An Inishowen based shark study has detected dramatic changes in 2011 throughout the Atlantic Ocean. The team of scientists who started out tracking basking shark movements became interested in plankton (basking shark food) due to the unusual lack of shark sightings.
Plankton is the basis of all life in the ocean and if you know what the plankton is doing you have a very good idea what everything else is going to do explained Donal Griffin a student with Queens University Belfast and a researcher with the Inishowen Basking shark study Group. The project which is supported by the Inishowen Development Partnership started out investigating the secrets behind the movement of basking sharks in Inishowen and Atlantic waters but the research team quickly realised that 2011 was going to be different. “We’ve had allot of ups and downs this year; we had really dense aggregations of sharks in April a whole month earlier than usual, then pretty much no large groupings throughout May and June and now we are seeing jellyfish species and Sunfish in Inishowen waters 4-6 weeks before any previous records”, says Emmett Johnston coordinator of the project. He added “We have always advocated the basking shark as a fantastic indicator species for monitoring global climate and ocean change and this year we have proven it”.
Although initially disappointed with the lack of shark activity the scientists quickly understood that the strange goings on offered a perfect comparison to previous ‘normal’ year’s records. Preliminary results show the key to the shark’s movements is the distribution and density of their food; plankton, which at the surface is determined by sunshine and wind speeds. Emmett went on to say “Having a good hunch or theory is one thing but being able to robustly prove it to the scientific world is another, obviously we hoped for hundreds of sharks but in hindsight we should have actually been wishing for what we got this year, which was little or no activity, because that has provided us with a robust set of figures to prove what marine biologist’s have been discussing for the last 50 years”.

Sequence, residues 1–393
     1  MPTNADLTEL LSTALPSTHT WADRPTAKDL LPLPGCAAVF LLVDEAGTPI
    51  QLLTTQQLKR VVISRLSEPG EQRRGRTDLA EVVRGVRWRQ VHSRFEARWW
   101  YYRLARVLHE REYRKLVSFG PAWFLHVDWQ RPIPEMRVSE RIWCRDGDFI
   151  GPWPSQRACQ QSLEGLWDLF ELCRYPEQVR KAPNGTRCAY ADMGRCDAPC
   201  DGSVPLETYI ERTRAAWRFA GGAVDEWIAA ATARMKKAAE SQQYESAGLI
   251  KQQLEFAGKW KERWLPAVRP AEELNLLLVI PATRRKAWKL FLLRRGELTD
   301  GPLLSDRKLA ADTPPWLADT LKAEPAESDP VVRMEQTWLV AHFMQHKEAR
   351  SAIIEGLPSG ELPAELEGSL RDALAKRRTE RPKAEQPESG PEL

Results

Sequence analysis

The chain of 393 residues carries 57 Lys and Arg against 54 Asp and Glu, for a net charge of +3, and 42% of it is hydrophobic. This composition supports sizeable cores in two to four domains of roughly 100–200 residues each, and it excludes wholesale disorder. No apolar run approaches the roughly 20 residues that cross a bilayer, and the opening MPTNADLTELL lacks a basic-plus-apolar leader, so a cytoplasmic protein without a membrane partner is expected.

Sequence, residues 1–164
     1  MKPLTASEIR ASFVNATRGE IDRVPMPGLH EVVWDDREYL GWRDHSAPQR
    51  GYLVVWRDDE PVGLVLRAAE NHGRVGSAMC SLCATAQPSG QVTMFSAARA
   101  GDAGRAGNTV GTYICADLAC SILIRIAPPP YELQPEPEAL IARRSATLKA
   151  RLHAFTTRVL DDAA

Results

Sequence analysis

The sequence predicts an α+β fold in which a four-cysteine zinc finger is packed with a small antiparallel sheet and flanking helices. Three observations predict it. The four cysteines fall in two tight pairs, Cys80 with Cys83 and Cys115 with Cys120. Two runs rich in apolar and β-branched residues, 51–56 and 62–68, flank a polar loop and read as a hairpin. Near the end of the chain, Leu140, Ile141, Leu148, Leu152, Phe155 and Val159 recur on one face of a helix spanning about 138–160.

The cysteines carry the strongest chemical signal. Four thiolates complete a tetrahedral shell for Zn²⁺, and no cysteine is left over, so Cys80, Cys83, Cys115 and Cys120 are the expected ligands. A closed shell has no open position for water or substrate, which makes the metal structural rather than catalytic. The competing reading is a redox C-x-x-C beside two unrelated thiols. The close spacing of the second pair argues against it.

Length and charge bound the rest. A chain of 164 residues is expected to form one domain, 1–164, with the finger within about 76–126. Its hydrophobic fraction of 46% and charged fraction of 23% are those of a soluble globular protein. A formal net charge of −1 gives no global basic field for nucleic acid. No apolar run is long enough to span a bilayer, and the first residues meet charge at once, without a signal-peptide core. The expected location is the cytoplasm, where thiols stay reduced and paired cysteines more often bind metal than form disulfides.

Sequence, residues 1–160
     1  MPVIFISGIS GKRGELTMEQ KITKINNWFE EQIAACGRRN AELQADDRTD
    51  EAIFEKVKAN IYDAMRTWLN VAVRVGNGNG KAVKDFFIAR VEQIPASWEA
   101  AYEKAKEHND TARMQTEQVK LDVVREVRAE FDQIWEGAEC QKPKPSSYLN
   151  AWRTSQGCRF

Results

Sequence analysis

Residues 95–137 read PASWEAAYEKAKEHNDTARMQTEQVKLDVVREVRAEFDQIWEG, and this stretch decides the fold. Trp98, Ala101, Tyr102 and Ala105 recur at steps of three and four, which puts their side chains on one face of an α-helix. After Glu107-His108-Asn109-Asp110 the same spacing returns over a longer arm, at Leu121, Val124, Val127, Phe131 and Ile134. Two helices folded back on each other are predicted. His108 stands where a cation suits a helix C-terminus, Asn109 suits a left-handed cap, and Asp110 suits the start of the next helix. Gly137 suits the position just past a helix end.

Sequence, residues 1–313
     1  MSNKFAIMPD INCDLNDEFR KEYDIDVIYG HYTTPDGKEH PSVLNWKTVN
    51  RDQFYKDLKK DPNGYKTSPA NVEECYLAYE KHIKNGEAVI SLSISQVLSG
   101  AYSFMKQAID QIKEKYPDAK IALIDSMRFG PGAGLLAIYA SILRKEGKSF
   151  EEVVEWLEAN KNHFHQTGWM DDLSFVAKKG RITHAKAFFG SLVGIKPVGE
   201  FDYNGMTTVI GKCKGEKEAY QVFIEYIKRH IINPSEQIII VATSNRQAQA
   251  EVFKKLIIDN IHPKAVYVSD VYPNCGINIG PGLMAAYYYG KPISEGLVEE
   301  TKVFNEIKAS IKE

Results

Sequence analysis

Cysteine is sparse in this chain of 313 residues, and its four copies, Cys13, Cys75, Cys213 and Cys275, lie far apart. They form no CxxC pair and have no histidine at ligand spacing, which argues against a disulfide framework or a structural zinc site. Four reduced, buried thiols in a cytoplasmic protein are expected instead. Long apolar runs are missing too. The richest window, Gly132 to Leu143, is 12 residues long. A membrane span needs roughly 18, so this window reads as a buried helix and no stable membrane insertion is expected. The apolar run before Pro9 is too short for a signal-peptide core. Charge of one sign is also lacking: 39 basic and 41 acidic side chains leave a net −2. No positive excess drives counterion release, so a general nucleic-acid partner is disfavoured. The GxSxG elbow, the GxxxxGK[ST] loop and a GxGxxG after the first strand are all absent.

It took the team a bit of time to figure out what was going on out there this year, but after their initial disappointment with the weather they came to the strange realisation ; the lower the number of sightings and the lower the density of the plankton the more dramatic the results are when compared with previous years.
There is allot of unknown variables when it comes to the ocean not least the changes in temperature at different depths. This year’s research has shown that the unseasonably rough weather was really a bit of a red herring when it comes to oceanographic changes. Researcher Donal Griffen summed it up like this “It sounds complicated but if you can imagine a cross section of the ocean like a sandwich of layers, each layer has a different density and different temperature. Normally we get a higher temperature at the surface than the underlying main body of water but this year the surface of the ocean has been cooler than normal but the Atlantic as a whole has been much warmer and it’s this difference that has given rise to the 6 week difference in animal’s movements”. The team believe the ongoing studies on the basking shark are vital to discovering and monitoring the links between Inishowen waters and the wider Atlantic Ocean.
For more information log onto www.baskingshark.ie